Cardiac rehabilitation programs
- Lynne T Braun, PhD, RN, CNP
Lynne T Braun, PhD, RN, CNP
- UpToDate NP Advisory Board Member
- Professor of Nursing
- Rush University College of Nursing
- Nanette K Wenger, MD
Nanette K Wenger, MD
- Professor of Medicine (Cardiology)
- Emory University School of Medicine
- Robert S Rosenson, MD
Robert S Rosenson, MD
- Section Editor — Lipids
- Professor of Medicine
- Mount Sinai School of Medicine
- Director, Cardiometabolic Disorders
- Mount Sinai Heart
Outpatient cardiac rehabilitation programs provide supervised exercise training in conjunction with other secondary prevention interventions. They are designed to speed recovery from acute cardiovascular events such as myocardial infarction, myocardial revascularization, or hospitalization for heart failure and to improve quality of life. In addition, patients with stable coronary heart disease derive benefits. (See "Prevention of cardiovascular disease events in those with established disease or at high risk".)
This topic will discuss the organization and content of these programs. The indications for and the efficacy and safety of cardiac rehabilitation are discussed separately. (See "Cardiac rehabilitation: Indications, efficacy, and safety in patients with coronary heart disease".)
The components of cardiac rehabilitation programs are delivered by a dedicated team including a medical director, nurses, exercise specialists, nutritionists, and counselors. These programs include provision of comprehensive long-term services involving the following core components (table 1A-B) [1-4]:
●Medical evaluation/baseline patient assessment
●Exercise training and physical activity counseling
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- Tang LH, Zwisler AD, Berg SK, et al. Is the Cardiovascular Response Equivalent Between a Supervised Center-Based Setting and a Self-care Home-Based Setting When Rating of Perceived Exertion Is Used to Guide Aerobic Exercise Intensity During a Cardiac Rehabilitation Program? Am J Phys Med Rehabil 2016.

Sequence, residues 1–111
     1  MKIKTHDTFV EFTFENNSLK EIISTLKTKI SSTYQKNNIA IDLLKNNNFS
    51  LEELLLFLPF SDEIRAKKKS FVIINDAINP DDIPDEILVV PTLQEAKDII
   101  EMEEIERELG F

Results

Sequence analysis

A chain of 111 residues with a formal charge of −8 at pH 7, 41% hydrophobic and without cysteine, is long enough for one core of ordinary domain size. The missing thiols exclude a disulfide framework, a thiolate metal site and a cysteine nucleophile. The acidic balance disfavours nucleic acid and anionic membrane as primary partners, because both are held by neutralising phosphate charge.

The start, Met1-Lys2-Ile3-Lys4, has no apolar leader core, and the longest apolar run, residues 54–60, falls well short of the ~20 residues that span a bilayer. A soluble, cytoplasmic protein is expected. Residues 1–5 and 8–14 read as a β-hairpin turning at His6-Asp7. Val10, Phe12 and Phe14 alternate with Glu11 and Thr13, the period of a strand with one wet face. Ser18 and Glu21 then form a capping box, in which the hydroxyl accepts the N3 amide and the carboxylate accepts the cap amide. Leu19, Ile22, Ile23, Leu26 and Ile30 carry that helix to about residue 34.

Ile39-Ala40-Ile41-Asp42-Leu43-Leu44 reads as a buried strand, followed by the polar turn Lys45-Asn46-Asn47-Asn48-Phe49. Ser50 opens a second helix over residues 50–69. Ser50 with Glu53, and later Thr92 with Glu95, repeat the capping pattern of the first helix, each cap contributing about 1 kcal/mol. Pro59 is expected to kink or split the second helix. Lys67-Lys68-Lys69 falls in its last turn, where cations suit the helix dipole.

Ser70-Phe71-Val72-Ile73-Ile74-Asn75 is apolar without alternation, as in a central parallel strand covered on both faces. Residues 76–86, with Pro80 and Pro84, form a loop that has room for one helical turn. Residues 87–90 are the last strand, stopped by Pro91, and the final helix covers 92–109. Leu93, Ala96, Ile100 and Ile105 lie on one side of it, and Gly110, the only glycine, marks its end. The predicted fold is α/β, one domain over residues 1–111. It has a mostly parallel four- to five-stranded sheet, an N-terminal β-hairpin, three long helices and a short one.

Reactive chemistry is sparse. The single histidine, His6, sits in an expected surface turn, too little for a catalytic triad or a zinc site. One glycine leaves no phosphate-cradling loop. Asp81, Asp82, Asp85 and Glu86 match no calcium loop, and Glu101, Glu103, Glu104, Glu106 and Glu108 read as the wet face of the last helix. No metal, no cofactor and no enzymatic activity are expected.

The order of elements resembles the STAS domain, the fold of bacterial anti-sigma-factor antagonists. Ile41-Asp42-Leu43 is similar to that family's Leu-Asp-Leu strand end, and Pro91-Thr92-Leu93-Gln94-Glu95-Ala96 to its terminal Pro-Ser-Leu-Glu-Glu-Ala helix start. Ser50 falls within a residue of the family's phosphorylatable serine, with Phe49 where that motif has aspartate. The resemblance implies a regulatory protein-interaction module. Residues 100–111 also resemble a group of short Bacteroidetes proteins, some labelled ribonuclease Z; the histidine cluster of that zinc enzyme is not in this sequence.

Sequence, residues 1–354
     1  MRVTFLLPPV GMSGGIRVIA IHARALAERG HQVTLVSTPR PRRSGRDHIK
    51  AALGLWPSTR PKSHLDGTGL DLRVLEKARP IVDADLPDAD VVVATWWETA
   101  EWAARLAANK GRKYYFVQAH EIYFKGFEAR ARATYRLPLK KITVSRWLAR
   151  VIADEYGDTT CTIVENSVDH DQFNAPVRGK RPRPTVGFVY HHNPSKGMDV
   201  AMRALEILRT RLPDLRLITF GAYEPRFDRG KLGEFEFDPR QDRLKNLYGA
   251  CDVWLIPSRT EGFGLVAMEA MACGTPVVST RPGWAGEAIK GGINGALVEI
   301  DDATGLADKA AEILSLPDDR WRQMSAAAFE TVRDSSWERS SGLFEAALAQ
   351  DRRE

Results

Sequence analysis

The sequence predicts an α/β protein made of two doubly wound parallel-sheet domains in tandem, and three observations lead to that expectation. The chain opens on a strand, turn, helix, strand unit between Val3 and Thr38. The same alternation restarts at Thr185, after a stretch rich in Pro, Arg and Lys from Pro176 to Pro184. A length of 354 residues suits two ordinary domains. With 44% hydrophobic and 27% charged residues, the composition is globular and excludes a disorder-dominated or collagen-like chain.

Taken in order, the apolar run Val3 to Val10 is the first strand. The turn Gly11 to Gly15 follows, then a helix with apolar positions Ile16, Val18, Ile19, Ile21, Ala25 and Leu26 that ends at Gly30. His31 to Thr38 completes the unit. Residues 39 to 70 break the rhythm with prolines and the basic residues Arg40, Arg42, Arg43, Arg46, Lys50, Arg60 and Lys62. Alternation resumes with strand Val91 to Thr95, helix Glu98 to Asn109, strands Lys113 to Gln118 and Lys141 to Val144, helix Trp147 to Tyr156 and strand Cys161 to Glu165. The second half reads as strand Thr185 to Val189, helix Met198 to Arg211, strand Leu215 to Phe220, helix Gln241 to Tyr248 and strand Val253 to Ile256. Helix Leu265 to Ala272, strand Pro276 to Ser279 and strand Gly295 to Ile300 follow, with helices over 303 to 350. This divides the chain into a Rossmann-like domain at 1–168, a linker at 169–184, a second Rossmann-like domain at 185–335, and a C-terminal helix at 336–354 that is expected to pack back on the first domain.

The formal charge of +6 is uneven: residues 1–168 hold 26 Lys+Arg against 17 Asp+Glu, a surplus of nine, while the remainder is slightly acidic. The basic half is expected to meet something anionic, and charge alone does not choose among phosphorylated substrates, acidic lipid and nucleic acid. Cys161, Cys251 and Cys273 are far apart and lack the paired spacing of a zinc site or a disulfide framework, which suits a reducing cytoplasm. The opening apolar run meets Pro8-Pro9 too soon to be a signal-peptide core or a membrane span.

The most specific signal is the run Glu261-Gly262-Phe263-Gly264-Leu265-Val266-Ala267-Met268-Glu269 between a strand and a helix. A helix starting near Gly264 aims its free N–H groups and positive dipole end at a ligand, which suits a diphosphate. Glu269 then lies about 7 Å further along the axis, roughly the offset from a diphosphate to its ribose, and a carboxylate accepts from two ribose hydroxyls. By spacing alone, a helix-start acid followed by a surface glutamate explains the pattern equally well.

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- Brawner CA, Abdul-Nour K, Lewis B, et al. Relationship Between Exercise Workload During Cardiac Rehabilitation and Outcomes in Patients With Coronary Heart Disease. Am J Cardiol 2016; 117:1236.
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- Blumenthal JA, Sherwood A, Smith PJ, et al. Enhancing Cardiac Rehabilitation With Stress Management Training: A Randomized, Clinical Efficacy Trial. Circulation 2016; 133:1341.
- Lamberti M, Ratti G, Gerardi D, et al. Work-related outcome after acute coronary syndrome: Implications of complex cardiac rehabilitation in occupational medicine. Int J Occup Med Environ Health 2016; 29:649.
- King M, Bittner V, Josephson R, et al. Medical director responsibilities for outpatient cardiac rehabilitation/secondary prevention programs: 2012 update: a statement for health care professionals from the American Association of Cardiovascular and Pulmonary Rehabilitation and the American Heart Association. Circulation 2012; 126:2535.
- Balady GJ, Ades PA, Bittner VA, et al. Referral, enrollment, and delivery of cardiac rehabilitation/secondary prevention programs at clinical centers and beyond: a presidential advisory from the American Heart Association. Circulation 2011; 124:2951.
- Taylor RS, Dalal H, Jolly K, et al. Home-based versus centre-based cardiac rehabilitation. Cochrane Database Syst Rev 2010; :CD007130.
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- INITIATION OF REHABILITATION
- EXERCISE TRAINING
- Risk stratification for exercise
- Frequency and duration
- Rating of perceived exertion (Borg scale)
- Exercise progression
- Resistance training
- Long-term exercise
- HEART FAILURE AND CARDIAC TRANSPLANTATION PATIENTS
- Nutritional counseling and weight management
- Cessation of smoking
- Diabetes management
- Management of hypertension and hyperlipidemia
- PSYCHOSOCIAL SUPPORT
- MEDICAL DIRECTOR RESPONSIBILITIES
- ALTERNATE APPROACHES
- SUPPLEMENTAL APPROACHES
- INFORMATION FOR PATIENTS